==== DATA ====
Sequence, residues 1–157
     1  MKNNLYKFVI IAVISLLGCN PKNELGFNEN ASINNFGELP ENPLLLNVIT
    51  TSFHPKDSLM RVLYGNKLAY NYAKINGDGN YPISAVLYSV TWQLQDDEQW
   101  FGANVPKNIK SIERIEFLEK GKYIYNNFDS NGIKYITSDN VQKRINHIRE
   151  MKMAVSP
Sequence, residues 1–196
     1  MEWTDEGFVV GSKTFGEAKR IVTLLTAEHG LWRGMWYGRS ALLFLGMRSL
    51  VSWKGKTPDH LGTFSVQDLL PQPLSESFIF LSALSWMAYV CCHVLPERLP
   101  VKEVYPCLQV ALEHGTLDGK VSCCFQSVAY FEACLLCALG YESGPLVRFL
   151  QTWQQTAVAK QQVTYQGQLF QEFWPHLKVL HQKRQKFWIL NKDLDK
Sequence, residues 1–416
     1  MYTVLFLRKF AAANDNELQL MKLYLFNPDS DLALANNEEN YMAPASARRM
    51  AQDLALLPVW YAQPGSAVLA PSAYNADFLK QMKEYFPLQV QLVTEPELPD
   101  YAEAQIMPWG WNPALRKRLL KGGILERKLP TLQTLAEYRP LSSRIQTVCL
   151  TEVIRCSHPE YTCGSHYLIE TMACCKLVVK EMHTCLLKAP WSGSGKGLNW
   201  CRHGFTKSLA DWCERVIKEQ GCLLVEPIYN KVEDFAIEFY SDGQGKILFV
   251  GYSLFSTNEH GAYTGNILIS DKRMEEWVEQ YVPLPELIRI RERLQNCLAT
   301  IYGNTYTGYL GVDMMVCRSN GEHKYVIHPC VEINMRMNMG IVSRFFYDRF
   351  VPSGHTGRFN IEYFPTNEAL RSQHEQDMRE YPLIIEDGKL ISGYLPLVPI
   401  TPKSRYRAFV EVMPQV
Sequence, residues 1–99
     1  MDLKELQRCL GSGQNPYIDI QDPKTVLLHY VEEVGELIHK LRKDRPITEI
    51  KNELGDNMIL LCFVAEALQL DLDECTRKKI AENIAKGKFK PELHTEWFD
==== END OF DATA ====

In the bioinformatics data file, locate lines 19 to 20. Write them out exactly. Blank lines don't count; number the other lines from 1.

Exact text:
   351  VPSGHTGRFN IEYFPTNEAL RSQHEQDMRE YPLIIEDGKL ISGYLPLVPI
   401  TPKSRYRAFV EVMPQV